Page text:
Sunday, October 12, 2014

Balance sheet

A Balance sheet or statement of financial position is a summary of the financial balances of a sole proprietorship, a business partnership or a company. Assets, liabilities and ownership equity are listed as of a specific date, such as the end of its financial year. A balance sheet is often described as a snapshot of a company's financial condition. Of the four basic financial statements, the balance sheet is the only statement which applies to a single point in time of a business calendar year.

The purpose of preparing a Balance sheet is

  • To know the nature and value of assets of the business
  • To ascertain the total liabilities of the business.
  • To know the position of owner’s equity. 

The Balance Sheet consists of the assets and liabilities of a company, the format of the Balance Sheet is shown below

Format:

Balance Sheet As on xx-xx-20xx of Ms.XX


Assets

Assets represents everything which a business owns and has money value. In other words, asset includes possessions and properties of the business. Assets are classified as follows:

Tangible Assets:
Assets which have some physical existence are known as tangible assets. They can be seen, touched and felt, e.g. Plant and Machinery Tangible assets are classified into

  • Fixed assets: Assets which have long period of life and cannot be converted into cash in a short period are termed as fixed assets.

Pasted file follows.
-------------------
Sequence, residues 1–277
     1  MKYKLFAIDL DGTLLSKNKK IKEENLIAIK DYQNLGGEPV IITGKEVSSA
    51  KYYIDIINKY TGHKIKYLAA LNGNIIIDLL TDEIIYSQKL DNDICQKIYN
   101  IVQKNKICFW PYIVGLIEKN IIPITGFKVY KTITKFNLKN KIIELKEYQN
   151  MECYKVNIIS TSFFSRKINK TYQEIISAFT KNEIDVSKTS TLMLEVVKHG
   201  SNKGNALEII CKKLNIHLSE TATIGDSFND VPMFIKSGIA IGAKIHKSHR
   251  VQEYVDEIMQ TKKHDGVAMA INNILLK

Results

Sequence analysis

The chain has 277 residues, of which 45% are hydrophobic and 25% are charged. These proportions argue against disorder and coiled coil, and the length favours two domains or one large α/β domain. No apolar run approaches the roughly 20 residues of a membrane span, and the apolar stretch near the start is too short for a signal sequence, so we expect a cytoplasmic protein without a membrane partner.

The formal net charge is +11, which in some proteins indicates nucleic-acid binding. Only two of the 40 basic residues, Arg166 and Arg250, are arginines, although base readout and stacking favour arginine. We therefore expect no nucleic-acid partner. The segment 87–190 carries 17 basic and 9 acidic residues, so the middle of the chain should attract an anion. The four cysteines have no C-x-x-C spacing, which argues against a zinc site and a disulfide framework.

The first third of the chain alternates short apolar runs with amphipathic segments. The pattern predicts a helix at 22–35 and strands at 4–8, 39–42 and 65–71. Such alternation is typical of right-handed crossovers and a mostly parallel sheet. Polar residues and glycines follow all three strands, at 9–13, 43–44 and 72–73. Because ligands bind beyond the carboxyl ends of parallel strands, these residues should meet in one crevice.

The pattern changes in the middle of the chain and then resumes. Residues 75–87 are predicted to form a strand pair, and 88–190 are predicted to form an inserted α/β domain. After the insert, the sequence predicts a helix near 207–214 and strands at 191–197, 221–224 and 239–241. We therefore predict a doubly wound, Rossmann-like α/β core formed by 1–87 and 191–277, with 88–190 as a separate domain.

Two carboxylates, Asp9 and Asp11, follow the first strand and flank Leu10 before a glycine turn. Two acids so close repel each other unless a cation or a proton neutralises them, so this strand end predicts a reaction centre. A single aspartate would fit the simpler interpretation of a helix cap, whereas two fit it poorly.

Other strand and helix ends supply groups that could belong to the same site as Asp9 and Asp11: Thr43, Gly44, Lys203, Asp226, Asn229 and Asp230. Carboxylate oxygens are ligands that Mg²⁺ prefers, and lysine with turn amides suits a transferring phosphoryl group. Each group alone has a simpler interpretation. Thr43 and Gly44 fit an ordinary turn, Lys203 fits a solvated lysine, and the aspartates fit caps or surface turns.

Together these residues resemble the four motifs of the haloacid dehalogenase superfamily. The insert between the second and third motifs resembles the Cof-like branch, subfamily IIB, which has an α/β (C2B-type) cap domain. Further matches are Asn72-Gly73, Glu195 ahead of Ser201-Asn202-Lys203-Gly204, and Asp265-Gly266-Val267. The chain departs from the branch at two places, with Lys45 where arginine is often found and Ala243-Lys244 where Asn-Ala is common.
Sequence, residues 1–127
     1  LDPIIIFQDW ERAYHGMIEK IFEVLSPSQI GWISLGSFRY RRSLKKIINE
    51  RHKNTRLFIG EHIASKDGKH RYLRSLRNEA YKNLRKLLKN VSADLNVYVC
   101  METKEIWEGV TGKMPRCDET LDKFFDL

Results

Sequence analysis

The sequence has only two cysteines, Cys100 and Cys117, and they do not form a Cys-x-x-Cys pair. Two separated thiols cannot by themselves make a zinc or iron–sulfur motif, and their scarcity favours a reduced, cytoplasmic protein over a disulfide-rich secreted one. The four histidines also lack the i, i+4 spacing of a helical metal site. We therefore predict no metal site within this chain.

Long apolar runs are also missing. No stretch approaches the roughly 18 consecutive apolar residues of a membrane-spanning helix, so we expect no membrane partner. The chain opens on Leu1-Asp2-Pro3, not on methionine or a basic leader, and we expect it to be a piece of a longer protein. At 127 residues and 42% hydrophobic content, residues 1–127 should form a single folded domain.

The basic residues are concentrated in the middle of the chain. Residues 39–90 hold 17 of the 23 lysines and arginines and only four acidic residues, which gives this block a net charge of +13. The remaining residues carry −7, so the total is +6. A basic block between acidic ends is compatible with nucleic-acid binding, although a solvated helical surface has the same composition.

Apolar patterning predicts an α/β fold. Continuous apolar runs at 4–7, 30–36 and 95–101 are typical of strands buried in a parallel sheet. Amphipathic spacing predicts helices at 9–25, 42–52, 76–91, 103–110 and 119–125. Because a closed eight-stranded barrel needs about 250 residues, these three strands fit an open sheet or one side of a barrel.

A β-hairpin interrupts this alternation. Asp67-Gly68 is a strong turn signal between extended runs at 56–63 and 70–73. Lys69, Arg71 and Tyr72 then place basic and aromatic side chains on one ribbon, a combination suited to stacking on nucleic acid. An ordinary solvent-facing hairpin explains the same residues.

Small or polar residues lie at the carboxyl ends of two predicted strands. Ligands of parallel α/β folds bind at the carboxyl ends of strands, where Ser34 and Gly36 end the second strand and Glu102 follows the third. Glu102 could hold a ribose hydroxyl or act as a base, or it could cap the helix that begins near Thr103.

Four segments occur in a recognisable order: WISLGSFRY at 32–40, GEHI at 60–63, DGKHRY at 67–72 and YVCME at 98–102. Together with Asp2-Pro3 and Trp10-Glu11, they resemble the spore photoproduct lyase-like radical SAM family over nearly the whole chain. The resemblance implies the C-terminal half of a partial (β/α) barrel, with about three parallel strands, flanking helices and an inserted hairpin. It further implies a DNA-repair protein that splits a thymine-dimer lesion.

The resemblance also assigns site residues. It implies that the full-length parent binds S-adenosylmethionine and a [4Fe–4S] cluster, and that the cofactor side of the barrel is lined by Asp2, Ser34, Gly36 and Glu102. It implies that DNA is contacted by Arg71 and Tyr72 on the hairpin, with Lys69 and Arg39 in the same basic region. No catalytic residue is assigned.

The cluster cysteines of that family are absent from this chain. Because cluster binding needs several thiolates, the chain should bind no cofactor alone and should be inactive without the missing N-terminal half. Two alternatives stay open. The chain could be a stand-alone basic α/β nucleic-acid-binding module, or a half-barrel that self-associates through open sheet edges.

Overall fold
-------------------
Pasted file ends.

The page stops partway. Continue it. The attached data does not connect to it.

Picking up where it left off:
• Current assets: Assets which can be converted into cash in the ordinary course of business and are held for a short period are known as current assets. For example, cash in hand, cash at bank, sundry debtors etc.
Intangible Assets
The assets which have no physical existence and cannot be seen or felt. They help to generate revenue in future, e.g. goodwill, patents, trademarks etc.

Liabilities

The amount which a business owes to others is liabilities. Credit balances of personal and real accounts together with the capital account are liabilities.

  • Long Term Liabilities : Liabilities which are repayable after a long period of time are known as Long Term Liabilities. For example, capital, long term loans etc.
  • Current Liabilities : Current liabilities are those which are repayable within a year. For example, creditors for goods purchased, short term loans etc.
  • Contingent liabilities : It is an anticipated liability which may or may not arise in future. For example, liability arising for bills discounted. Contingent liabilities will not appear in the balance sheet.
From the following Trial Balance of M/s. Arjun & Sons, prepare trading and profit and loss account for the year ending on 31st March 2008 and the balance sheet as on the date:






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